In the fourth of our occasional blogs, CAT psychotherapists Cheryl Delisser and Clive Turpin invite CAT therapists in the north to get involved with the Skills Lab hour in our regular Projects Forum.
The Catalyse Projects Forum has been running since 2011. We took on a shared co-ordinating role in 2014 and have enjoyed seeing how the the meetings have developed since. The idea of incorporating a Skills Lab Hour was offered by Rhona Brown, who’d toyed with this idea since watching, she confesses, one too many box sets of Grey’s Anatomy. One setting for the various personal and professional dramas played out by characters in this US TV series is a room where trainee surgeons go to practice novel or important clinical skills, either alone or together. We liked the idea of offering a setting for CAT colleagues to practice clinical skills together and hoped it might go towards helping to meet ACAT’s CPD requirements for those within the Catalyse network.
Glenys Parry also reminded us of the concept of deliberate practice, originally highlighted in the early 90’s, and more recently developed in the realm of psychotherapy by Scott Miller and colleagues. This recent research supports the potential benefit of engaging in deliberate and repeated practice of psychotherapeutic skills as a way for therapists to increase their effectiveness.
So since the start of 2015 we’ve incorporated a Skills Lab within the Projects Forum which has been well received by those attending. The Skills Lab runs for an hour and each session has been led by someone with some knowledge and experience of using that skill. We have led two of these:- the first on ‘mapping in the moment‘ and the second on ‘versatility and dialogue‘. Other topics have included power mapping, led by Rhona Brown; social support network analysis, led by Glenys Parry, and most recently, the use of technology in therapy, led by Jo Varela.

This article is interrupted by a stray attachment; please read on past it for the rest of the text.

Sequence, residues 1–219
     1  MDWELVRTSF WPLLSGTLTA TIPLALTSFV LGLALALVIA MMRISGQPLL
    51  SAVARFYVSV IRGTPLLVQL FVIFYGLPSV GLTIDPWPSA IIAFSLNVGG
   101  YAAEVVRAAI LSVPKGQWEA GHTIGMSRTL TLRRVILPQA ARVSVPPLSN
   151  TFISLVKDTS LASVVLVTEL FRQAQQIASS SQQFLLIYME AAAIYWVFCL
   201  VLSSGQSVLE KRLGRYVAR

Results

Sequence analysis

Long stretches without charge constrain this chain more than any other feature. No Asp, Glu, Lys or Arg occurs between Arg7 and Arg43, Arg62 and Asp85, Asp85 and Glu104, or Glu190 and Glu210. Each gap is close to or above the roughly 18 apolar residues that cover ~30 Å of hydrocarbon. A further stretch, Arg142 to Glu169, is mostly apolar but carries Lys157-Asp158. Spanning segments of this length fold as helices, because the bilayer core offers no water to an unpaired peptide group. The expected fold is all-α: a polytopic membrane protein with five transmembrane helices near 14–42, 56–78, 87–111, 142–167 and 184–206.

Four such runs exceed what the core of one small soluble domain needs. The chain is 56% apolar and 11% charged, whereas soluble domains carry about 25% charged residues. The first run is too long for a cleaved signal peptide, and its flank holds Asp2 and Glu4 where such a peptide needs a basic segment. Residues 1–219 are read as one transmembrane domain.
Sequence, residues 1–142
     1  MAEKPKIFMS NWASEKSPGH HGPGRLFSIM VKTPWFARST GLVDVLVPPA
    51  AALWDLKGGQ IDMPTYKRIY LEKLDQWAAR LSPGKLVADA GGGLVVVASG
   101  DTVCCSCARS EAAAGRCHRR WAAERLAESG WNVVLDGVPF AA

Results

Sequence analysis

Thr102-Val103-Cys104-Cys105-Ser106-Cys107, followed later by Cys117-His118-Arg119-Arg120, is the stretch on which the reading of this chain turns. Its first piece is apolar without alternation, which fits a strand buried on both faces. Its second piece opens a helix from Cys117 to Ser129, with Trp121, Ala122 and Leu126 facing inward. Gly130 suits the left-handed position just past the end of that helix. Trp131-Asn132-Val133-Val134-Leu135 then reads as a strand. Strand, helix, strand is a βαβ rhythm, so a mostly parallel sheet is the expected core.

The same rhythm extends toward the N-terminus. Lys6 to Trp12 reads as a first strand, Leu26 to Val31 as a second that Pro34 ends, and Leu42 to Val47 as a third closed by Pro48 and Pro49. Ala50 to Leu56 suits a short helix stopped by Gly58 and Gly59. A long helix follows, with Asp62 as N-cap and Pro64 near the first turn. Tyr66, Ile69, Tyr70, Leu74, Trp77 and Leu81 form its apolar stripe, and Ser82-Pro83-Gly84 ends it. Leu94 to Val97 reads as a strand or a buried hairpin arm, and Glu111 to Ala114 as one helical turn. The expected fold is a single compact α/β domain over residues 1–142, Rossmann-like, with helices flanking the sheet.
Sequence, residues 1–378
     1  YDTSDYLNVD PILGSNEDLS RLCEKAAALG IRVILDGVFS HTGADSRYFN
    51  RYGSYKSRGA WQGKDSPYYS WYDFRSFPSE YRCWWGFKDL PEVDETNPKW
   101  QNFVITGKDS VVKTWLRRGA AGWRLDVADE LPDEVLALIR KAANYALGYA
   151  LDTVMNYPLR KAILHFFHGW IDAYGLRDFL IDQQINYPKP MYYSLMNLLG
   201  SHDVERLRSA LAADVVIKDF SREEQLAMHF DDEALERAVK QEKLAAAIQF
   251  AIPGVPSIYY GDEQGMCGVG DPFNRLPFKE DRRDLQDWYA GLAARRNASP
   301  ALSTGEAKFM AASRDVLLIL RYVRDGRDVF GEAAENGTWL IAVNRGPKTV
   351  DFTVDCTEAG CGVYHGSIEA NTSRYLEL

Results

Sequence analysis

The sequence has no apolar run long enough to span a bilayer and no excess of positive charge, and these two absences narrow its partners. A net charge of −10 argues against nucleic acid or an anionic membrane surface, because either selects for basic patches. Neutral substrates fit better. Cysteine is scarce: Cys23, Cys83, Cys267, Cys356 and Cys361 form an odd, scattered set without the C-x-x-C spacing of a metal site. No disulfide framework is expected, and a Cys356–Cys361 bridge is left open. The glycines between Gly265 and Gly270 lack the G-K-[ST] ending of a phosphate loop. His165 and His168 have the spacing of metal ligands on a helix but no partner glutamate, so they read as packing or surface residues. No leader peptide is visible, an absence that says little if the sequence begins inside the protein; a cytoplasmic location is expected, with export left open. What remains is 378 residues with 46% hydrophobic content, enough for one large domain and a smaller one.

People attending have really valued the integration of Skills Labs, and we’re keen to continue with a diverse range of topics and participants. So we encourage and invite all CAT therapists within the North to reflect on your own areas of interest or experience, and share these with others by leading a Skills Lab. There’s no expectation of some high-tech presentation; the Skills Lab is there to help participants develop or maintain a skill, not to listen to someone talking for 45-50 minutes about a topic. What we find works best is an initial introduction on the subject and then some form of practice whether alone, in pairs or small groups, followed by sharing experiences and thoughts.
Offering a personal parallel to this is my (Clive’s) experience of learning to play the piano. I can apply my knowledge of music and the instrument and read the music in front of me to break down a piece in order to learn it. However something changes when I’m sat with my teacher and we’re in dialogue about my skills, or sometimes the lack of them! He will see and hear things that I do not and brings them to my attention to help my learning, growing awareness and improvement. After my teacher leaves there is much that continues to resonate and sometimes in the following morning’s practice I seem able to play parts that I struggled with the previous day. The Skills Lab offers a similar form of sharing a skill and being in dialogue in small groups or pairings in relation to it, which can support development and enhance future practice.
We are really keen to have as many ‘voices’ as possible contributing to the Skills Lab and attending the Projects Forum. If you’re interested in leading one, or have an idea you’d like to sound out and develop, then please contact us and we can work towards making it happen. Even if you don’t want to lead one yourself, you may want to put forward some topics that interest you, which could spark others to think, “I’ve got some experience to share about that”.
The next Projects Forum takes place on Friday 19th May 2017 in Manchester, and the Skills Lab slot remains open. We’ve had one suggestion on incorporating positive psychology and strengths-based approaches into CAT and would welcome any offers to lead, either on this theme, or another. If you have any ideas to share, then get in touch or leave a comment on this blog.
We look forward to hearing from you.
Cheryl Delisser and Clive Turpin
You can find Clive on Twitter @Clive_Turpin